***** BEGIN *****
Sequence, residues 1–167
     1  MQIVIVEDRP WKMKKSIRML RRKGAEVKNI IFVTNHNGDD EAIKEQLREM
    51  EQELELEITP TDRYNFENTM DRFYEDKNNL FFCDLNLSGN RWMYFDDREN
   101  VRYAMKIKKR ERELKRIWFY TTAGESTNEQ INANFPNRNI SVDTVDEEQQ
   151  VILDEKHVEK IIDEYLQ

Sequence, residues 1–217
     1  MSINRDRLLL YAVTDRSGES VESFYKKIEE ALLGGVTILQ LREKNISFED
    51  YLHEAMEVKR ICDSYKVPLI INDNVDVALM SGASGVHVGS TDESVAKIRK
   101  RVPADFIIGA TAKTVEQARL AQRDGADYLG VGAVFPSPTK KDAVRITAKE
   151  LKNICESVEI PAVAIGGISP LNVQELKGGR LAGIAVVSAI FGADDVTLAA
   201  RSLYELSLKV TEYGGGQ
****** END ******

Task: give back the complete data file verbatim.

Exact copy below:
Sequence, residues 1–167
     1  MQIVIVEDRP WKMKKSIRML RRKGAEVKNI IFVTNHNGDD EAIKEQLREM
    51  EQELELEITP TDRYNFENTM DRFYEDKNNL FFCDLNLSGN RWMYFDDREN
   101  VRYAMKIKKR ERELKRIWFY TTAGESTNEQ INANFPNRNI SVDTVDEEQQ
   151  VILDEKHVEK IIDEYLQ

Sequence, residues 1–217
     1  MSINRDRLLL YAVTDRSGES VESFYKKIEE ALLGGVTILQ LREKNISFED
    51  YLHEAMEVKR ICDSYKVPLI INDNVDVALM SGASGVHVGS TDESVAKIRK
   101  RVPADFIIGA TAKTVEQARL AQRDGADYLG VGAVFPSPTK KDAVRITAKE
   151  LKNICESVEI PAVAIGGISP LNVQELKGGR LAGIAVVSAI FGADDVTLAA
   201  RSLYELSLKV TEYGGGQ